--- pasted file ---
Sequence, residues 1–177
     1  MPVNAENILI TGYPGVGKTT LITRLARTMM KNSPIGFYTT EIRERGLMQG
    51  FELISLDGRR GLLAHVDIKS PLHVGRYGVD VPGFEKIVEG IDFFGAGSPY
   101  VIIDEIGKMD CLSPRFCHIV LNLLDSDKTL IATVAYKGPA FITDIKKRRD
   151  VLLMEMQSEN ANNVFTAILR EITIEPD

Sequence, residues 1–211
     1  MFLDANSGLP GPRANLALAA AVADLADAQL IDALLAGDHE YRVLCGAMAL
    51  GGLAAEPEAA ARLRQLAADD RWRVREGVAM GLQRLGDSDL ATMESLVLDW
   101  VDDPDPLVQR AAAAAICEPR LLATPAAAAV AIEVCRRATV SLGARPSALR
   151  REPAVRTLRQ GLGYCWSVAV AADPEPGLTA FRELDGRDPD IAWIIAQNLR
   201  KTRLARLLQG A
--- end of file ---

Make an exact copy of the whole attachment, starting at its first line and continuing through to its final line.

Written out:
Sequence, residues 1–177
     1  MPVNAENILI TGYPGVGKTT LITRLARTMM KNSPIGFYTT EIRERGLMQG
    51  FELISLDGRR GLLAHVDIKS PLHVGRYGVD VPGFEKIVEG IDFFGAGSPY
   101  VIIDEIGKMD CLSPRFCHIV LNLLDSDKTL IATVAYKGPA FITDIKKRRD
   151  VLLMEMQSEN ANNVFTAILR EITIEPD

Sequence, residues 1–211
     1  MFLDANSGLP GPRANLALAA AVADLADAQL IDALLAGDHE YRVLCGAMAL
    51  GGLAAEPEAA ARLRQLAADD RWRVREGVAM GLQRLGDSDL ATMESLVLDW
   101  VDDPDPLVQR AAAAAICEPR LLATPAAAAV AIEVCRRATV SLGARPSALR
   151  REPAVRTLRQ GLGYCWSVAV AADPEPGLTA FRELDGRDPD IAWIIAQNLR
   201  KTRLARLLQG A